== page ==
Re: What do you win by moving things to non-free?
On 20-Apr-05, 09:34 (CDT), Matthew Garrett <email@example.com> wrote:
> Glenn Maynard <firstname.lastname@example.org> wrote:
> > And Debian has tried to work on reducing the impact, by trying
> > to convince the FSF to fix their license. Not only have they
> > not done so, they've completely stonewalled, refusing to discuss
> > the issue at all. Debian has done more than its part in trying
> > to fix this. It didn't work. It's time to remove the non-free
> > stuff (or will be soon).
> The fact that the discussion has not been public does not mean that the
> FSF have refused to discuss the issue.
Oh, come on. It's been what, 15 months since the FSF requested comments
on the "draft" GFDL? (Or was that 2003?) They then released it
unchanged, and made no visible response to the many questions/concerns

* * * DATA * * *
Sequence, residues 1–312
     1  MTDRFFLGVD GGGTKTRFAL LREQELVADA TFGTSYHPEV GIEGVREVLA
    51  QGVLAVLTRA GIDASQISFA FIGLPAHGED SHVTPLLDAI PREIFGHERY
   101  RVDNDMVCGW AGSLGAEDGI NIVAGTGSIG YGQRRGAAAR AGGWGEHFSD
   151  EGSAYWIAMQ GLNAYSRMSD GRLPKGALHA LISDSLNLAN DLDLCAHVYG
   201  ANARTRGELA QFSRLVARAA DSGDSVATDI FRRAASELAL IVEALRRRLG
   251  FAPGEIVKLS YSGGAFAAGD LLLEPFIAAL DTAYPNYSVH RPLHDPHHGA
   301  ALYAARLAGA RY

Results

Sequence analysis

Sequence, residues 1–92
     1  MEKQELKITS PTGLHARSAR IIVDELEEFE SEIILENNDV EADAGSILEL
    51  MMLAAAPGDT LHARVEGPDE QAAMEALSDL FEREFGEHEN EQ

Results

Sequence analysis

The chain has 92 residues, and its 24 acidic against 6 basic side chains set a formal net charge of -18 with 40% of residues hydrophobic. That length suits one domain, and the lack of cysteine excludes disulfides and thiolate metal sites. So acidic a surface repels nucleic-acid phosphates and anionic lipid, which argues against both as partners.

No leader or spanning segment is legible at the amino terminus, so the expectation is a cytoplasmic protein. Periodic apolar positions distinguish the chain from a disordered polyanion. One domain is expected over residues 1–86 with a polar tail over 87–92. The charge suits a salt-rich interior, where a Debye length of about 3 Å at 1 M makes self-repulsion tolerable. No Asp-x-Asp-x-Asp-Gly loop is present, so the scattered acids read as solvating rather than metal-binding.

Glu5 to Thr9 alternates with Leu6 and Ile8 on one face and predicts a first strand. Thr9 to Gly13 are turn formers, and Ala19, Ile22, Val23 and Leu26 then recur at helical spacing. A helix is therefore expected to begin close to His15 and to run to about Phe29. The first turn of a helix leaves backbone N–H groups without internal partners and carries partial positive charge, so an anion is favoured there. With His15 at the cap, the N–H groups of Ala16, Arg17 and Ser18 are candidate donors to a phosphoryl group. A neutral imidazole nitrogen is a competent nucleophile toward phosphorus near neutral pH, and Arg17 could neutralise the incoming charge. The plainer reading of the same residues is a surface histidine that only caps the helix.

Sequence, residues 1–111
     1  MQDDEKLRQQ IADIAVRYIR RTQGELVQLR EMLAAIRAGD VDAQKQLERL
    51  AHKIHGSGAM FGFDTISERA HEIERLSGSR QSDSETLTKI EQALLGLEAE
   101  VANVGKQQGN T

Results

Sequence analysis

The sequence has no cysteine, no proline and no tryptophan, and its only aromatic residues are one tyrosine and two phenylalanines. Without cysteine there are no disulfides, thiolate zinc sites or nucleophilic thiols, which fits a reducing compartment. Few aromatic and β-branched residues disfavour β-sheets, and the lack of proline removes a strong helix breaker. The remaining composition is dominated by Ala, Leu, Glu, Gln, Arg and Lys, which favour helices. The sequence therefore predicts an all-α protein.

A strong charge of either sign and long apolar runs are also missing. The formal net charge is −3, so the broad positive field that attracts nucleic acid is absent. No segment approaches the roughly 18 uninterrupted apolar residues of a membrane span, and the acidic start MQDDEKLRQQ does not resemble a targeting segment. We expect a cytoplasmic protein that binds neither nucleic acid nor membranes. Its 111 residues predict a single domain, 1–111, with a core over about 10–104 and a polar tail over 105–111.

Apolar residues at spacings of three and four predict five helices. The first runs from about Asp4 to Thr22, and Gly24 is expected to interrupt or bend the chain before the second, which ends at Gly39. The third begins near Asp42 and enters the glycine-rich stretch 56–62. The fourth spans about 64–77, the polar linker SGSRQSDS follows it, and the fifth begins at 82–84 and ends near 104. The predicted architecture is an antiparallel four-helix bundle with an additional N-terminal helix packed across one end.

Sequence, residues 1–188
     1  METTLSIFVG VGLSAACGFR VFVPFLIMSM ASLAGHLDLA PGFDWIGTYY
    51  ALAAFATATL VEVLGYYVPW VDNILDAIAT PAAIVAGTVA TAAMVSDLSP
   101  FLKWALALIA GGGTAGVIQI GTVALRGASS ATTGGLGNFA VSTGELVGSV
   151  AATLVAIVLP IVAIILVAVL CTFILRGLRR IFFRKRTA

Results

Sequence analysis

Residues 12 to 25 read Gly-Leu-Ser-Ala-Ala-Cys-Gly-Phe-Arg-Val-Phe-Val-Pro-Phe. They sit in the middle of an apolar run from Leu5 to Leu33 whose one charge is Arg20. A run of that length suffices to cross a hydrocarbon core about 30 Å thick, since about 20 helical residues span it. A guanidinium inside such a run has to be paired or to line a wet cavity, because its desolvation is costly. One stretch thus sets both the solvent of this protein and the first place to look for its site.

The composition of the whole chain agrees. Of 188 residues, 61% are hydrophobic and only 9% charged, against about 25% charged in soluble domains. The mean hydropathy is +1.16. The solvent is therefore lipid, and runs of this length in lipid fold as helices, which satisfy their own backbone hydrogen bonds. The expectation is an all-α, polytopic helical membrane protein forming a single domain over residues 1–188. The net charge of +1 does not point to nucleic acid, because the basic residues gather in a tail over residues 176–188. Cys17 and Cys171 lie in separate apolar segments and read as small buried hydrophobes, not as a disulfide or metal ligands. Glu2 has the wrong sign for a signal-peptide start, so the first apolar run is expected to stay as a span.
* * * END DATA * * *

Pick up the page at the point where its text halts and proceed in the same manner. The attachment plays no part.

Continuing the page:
raised in those comments. Since then we've heard several Debian
developers say "We're talking to the FSF, but don't want to make public
comments until the FSF says it's okay." (And that made sense, as it
would to anyone whose been reading debian-devel (or -legal) for more
than a week.) But we heard this last summer, and nothing ever came of
it. And now you say it's *still* going on?
I've got no doubts about the honesty and good intent of the Debian
developers involved. I believe that they really think that the FSF will
eventually make some sort of response. But you folks need to realize
when you're being strung along, and get on with your lives. RMS has
decided that it's more important to force people to distribute his
essays than allow them share and reuse documentation. I think he's blown
this decision, but it's fairly obvious at this point that he's not going
to change his mind. All we can do is discourage use of the GFDL, and
hope that the GPL3 isn't equally screwed up.
The irony is that Bill Gates claims to be making a stable operating
system and Linus Torvalds claims to be trying to take over the
world. -- seen on the net